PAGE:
Voorheesville breakfast at Gracie’s next to the tracks leads to talk of trains

On Tuesday, the second day of July, we ask the question, “Again, what happened to June?”

This Tuesday, the Old Men of the Mountain met at a new eating establishment in Voorheesville, Gracie’s Kitchen. Gracie’s sits right where the old Voorheesville Diner used to be. Gracie’s physical building is a lot different; at least some of the OMOTM’s taller members can stand up straight in Gracie’s.

The OFs commented on how the trains rolling by in Voorheesville are the same as they always have been, and one OF said they haven’t slowed down any either.

Years ago, the OMOTM stood in the middle of these Voorheesville tracks one sunny morning and had their picture taken. That picture has popped up recently in a couple of places. The OFs mentioned how many of those in the picture are now dead. It is an old picture, and we are the OFs.

It is easy to imagine all the OMOTM who have passed on are gathering on a cloud and having breakfast just like down on our planet. One OF wondered if we eat in heaven. No one there really knew. There are references but no one really knows how to interpret them.

The OFs started talking about trains as they rolled by. Most of the trains were carrying trailers.

This scribe does not remember actually how many went by during the short time we were there, but he is guessing six going toward Rochester and Syracuse and one going down toward New York City and all seemed to have trailers on them.

The trains going by the restaurant appear to be going at a good rate so UPS, Schneider, and all those other trucking companies should have their shipments by 11 a.m. or sooner.

Foul fowl

The OFs next discussed (from their farming days) nasty turkeys and roosters. Chicken are cute and hens make great pets, but sometimes roosters develop a real mean streak.

One OF had a rooster named Herbie and he was the best watch dog, acting similar to guinea hens. Anyone who showed up — Herbie went after them. It got so that Herbie would roost on the hood of the visitor’s car and defy whoever it was to get out.

If a visitor did get out, and Herbie knew it, this rooster would half-fly and half-run down the drive. The rooster would fly up on the long railing leading to the house and challenge the guest to go any further. 

Herbie became so protective of his surroundings that he began to go after the owners. That was the end for poor Herbie.

The other bird that was talked about was from another farmer OF who said they had chickens and turkeys on the farm mainly for supplying the dinner table with eggs and foul. The OF said they also had rabbits but they were just for fun.

The OF said his dad liked these rabbits and fussed with the few they had, but if he wanted to see rabbits all he had to do was look in the yard and watch the rabbits trying to figure out a way to get in the garden.

Mentioning turkeys, it was declared that generally the toms would be OK. However, once in a batch of turkeys they received, one OF said, he and his brother got one tom which was really miserable.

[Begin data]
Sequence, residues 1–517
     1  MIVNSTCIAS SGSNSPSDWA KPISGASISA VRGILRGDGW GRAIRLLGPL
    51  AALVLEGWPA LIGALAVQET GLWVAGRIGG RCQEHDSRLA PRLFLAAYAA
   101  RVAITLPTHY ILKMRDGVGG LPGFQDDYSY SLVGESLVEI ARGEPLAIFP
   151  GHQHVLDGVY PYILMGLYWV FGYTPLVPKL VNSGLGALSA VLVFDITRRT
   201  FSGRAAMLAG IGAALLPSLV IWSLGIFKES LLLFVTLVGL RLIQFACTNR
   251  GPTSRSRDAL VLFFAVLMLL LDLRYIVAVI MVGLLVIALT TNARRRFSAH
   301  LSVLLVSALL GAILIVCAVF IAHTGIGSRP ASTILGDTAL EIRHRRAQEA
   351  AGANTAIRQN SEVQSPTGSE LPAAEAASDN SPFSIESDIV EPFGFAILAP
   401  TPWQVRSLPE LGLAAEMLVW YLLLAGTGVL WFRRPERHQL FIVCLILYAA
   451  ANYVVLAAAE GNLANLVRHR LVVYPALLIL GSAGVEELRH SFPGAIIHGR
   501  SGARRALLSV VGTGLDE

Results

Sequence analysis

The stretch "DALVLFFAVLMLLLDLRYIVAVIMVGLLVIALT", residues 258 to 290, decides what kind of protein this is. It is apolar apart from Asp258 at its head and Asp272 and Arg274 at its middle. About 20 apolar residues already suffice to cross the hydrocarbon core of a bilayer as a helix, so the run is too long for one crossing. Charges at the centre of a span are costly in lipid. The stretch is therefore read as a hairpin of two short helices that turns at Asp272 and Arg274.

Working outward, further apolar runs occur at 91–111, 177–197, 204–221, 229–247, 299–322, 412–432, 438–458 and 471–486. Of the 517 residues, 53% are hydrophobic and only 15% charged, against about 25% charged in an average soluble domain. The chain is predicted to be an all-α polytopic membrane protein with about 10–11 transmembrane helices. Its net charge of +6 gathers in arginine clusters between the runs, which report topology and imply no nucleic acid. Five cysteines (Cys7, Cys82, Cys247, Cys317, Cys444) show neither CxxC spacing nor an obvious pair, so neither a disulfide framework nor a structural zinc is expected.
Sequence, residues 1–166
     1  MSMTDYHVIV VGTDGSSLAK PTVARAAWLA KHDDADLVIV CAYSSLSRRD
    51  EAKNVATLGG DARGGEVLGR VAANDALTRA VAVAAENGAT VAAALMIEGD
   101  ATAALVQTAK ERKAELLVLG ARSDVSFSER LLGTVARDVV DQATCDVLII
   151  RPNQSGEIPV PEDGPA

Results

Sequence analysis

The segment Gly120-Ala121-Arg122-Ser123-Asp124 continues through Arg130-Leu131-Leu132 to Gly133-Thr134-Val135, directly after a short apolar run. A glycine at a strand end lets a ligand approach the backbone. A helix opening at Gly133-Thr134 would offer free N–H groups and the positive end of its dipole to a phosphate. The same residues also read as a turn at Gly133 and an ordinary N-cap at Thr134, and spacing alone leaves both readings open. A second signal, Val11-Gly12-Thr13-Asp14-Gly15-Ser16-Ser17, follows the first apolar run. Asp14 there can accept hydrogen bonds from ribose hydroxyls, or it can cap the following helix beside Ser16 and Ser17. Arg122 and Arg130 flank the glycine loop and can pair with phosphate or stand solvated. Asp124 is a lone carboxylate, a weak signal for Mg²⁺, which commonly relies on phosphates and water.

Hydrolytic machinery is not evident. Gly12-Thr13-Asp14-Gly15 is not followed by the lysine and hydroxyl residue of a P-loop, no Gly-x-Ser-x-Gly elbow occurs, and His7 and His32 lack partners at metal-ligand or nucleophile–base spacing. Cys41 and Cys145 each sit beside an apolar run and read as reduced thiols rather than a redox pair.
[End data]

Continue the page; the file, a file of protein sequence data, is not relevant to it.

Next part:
This turkey would drop his wings and flutter after the cats. The OF said it got so that this bird would do the same thing and then he would strut for the clothes on the clothesline. The OF said his mom had him go into the woodlot and cut a large sapling so she could raise the line. After that, the turkey couldn’t reach the clothes.

The OF said he thinks the turkey got mad because after his mom did this, the bedeviled bird started going after her. The strange thing about the bird, the OF said, is that he never went after men, or dogs, just cats, the clothesline, and women.

The OF said, “One day, my brother and I were in the yard when Mom came to hang out clothes, and she asked us where the turkey was.”

The OF told her, “We don’t see him (and we didn’t) but he actually was around the corner of the house.” No sooner did his mom start to hang clothes than the turkey came like a shot from around the corner of the house.

The OF said his brother ran in the house and came out with the woodchuck gun and with one shot that bird was in bird heaven.

To shorten the story, he was plucked, cooked, and served that evening — only not eaten. He was so tough, the OF said, that even after honing the knife three times that hide was like steel. The OF said the bird should have been parboiled for three days before attempting to cook it.

Making it through

One OF was talking about a mutual acquaintance from way back when. The acquaintance wanted to be in the Royal Canadian Mounted Police. This never happened because the Army caught up with him and he soon found himself as a “Dogface.”

The Army shipped him all over the place, hither and yon. He finally found himself in Hawaii. The second day he was there, he was playing baseball with a team that was newly formed, when all Hell broke loose; it was the day of infamy.

He made it through all of World War II and wound up a mail carrier.

Those OFs who made it through all kinds of adventures and misadventures and even found their way to Gracie’s Kitchen in Voorheesville were: Miner Stevens, Roger Chapman, Roger Shafer, Bill Lichliter, Josh Buck, Robie Osterman, George Washburn, Bill Bartholomew, Art Williams, David Williams, Pete Whitbeck, John Rossmann, Bob Benac, Wally Guest, Harold Guest, Art Frament, Russ Pokorny, Warren Willsey, Lou Schenck, Herb Bahrmann, Chuck Aelesio, Richard Frank, Gerry Irwin, Joe Rack, Mark Traver, Glenn Patterson, Rev. Jay Francis, Elwood Vanderbilt, Richard Vanderbilt, Allen DeFazio, Jerry Willsey, Mike Willsey, Gerry Chartier, Harold Grippen, and me.